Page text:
By BRENT STUBBS
Senior Sports Reporter
CHRISTOPHER Godet, one of the Bahamas men’s national soccer team players, is leaving town today to return to Rome, Italy to take up an assistant coaching job and resume his semi professional career as a player.
Godet, 22, left today to assist with the coaching staff at the American University of Roma SMI programme, a job he secured during his past season in Rome.
“When I was doing my classes, we did coaching courses, coaching theories and we had to demonstrate it on the field,” Godet said. “I got a chance to put what I learned into practice, so I jumped right at it.”
Having spent the past year in Rome, Godet said he also learned to speak the Italian language fluently, but unfortunately since returning home in March, he didn’t put it into use because he was isolated at home in the coronavirus pandemic.
However, he said he can formulate a conversation that will enable him to get his point across as he interacts with the players on the team he will be assisting as a coach and those he will be joining as teammates on the team he will eventually sign up to play with professionally. “When I go back there, I will get a chance to play with one of the club teams in one of the leagues in the city,” Godet said. “When the clubs open practice, they will make it known what positions they need and once you are available, you can take advantage of it. So I hope to get a spot on one of the teams.
“These are legitimate clubs in the league. Unlike here (in the Bahamas Football League) where we only have one league, there are at least 10 leagues in Rome, so there’s sufficient opportunity for me to get a chance to play on one of them. You’re just not under any big contract.”
In preparation for his return to the field, Godet did some individual training due to the fact that the country was locked down for the majority of the time he was home with his parents, Dion and Rionda Godet.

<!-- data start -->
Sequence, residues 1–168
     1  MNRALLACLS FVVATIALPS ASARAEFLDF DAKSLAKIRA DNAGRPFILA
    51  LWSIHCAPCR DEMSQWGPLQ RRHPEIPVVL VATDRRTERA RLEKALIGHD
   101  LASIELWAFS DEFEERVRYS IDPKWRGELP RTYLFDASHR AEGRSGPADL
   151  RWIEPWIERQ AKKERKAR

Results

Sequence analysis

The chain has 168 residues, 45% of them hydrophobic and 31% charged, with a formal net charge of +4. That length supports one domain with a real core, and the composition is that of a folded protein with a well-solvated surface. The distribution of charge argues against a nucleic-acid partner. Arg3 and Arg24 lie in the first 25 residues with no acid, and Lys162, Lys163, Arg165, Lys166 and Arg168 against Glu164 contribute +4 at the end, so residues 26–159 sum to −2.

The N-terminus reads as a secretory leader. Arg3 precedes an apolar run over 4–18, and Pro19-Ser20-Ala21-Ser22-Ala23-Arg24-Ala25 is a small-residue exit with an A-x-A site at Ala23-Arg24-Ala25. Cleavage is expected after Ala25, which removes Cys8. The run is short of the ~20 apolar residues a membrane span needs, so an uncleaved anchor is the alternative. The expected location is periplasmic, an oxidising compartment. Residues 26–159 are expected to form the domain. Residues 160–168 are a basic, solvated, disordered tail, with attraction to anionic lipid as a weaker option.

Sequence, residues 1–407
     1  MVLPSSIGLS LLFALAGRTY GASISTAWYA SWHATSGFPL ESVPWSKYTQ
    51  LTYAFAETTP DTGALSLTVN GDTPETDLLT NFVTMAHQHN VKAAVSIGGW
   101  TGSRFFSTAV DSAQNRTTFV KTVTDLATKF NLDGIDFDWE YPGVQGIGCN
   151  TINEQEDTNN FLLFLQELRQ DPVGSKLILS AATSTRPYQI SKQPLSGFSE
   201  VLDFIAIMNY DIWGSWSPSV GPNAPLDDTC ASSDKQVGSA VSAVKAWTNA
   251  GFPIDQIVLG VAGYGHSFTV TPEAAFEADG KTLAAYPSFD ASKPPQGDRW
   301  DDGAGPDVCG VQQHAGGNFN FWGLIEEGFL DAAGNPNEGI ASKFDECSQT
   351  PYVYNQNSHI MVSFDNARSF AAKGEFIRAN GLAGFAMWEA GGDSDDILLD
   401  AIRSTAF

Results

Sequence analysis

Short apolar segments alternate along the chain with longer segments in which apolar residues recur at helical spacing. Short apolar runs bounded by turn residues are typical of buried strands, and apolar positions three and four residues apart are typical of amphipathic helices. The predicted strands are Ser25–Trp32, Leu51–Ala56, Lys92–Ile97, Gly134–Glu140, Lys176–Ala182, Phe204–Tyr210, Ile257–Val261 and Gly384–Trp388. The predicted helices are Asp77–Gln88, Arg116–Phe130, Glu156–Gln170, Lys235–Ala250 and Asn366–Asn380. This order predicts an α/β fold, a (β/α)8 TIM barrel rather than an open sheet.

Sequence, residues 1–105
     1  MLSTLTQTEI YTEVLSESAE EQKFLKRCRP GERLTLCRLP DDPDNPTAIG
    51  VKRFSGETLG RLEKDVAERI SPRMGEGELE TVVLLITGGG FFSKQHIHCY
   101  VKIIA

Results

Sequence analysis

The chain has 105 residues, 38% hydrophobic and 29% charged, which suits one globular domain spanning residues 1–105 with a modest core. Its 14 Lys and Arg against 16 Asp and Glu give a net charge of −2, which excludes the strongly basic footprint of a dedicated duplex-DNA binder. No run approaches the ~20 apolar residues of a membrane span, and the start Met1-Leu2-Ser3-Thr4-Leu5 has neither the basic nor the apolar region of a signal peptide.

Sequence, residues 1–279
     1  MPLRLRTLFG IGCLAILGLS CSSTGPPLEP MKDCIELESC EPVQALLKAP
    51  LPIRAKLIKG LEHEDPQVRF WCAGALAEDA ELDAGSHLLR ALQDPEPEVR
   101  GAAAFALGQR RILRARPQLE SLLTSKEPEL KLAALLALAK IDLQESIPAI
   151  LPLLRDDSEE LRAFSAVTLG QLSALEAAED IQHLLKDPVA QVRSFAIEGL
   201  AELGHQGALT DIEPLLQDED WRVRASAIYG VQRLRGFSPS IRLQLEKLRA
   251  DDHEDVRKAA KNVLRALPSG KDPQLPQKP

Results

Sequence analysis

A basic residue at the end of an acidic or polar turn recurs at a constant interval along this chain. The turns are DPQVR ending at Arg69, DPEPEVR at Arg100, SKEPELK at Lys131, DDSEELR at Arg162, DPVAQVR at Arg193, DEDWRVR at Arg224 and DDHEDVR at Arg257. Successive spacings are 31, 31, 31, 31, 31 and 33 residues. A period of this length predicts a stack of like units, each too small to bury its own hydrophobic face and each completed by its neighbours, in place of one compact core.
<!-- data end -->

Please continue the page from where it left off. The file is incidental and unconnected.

Prior to heading to Rome, Godet played for the Mount Aloysius Mounties in Cresson, Pennsylvania after he graduated from Queen’s College in 2015.
“I’ve been doing the zone training (implemented by the BFA’s national team) and running on my own,” Godet said. “I’ve also been lifting weights to ensure that I stay fit.”
While the economy is expected to start to reopen on Monday, there has not been any indication of what will happen to the landscape of sports in the country.
Godet advised local soccer players to not rush into anything, but to gradually get back on the soccer field when they get the go ahead. “I know the players are eager to play, but as with everything, they will have to ease back into it,” said Godet, in offering some advice as a league player/coach with the Bears Football Club and also as a referee in the youth programme.
“You know that you haven’t worked out in three months, so you don’t want to just rush into it, but rather take your time doing it, knowing where you were before the break and what it will take to get you back there.”
Like his father, Dion, who was a previous coach of the men’s national team, Godet intends to not only come back and make his continued contribution as a member of the team, but hopefully in the long run he will use his expertise as a coach when he returns home from Europe.
“I’m looking forward to coming home and playing on the national team, if I get the call,” said Godet of the men’s national team that will play in the CONCACAF Qualifying Round for the World Cup later this year.
“I’d like to also use my coaching experience to give back to the BFA because they invested in me at no monetary cost to me. So whenever and whatever I can do to help, I want to be able to do it.”
Through his participation on an under-15 and two under-17 national teams, Godet said he was able to secure his athletic scholarship to Mount Aloysius Mounties.
Last year, he made his first senior national team against Dominica (although he didn’t play because he was injured) and he hopes to be back for the CONCACAF team.
“We have a good team and anything could happen when the tournament comes around,” said Godet .
“A lot of the teams have been training. We may not have been together as a team because of our situation here with the coronavirus, but the players have been working out on their own.
“So I am confident that they will be ready when the team comes together.”
As he gets set to travel, Godet said he will have to provide a negative COVID-19 test result, which he has secured and he will have to be quarantined for at least two weeks when he gets into Rome.
“I’ve done my COVID testing and my housing is waiting on my arrival,” said Godet, who will be right in time for the start of school at American University of Roma on September 21.
Godet said he’s just as eager to get back to Rome to pick up where he left off before he returned home in March, despite all that is going on with the coronavirus.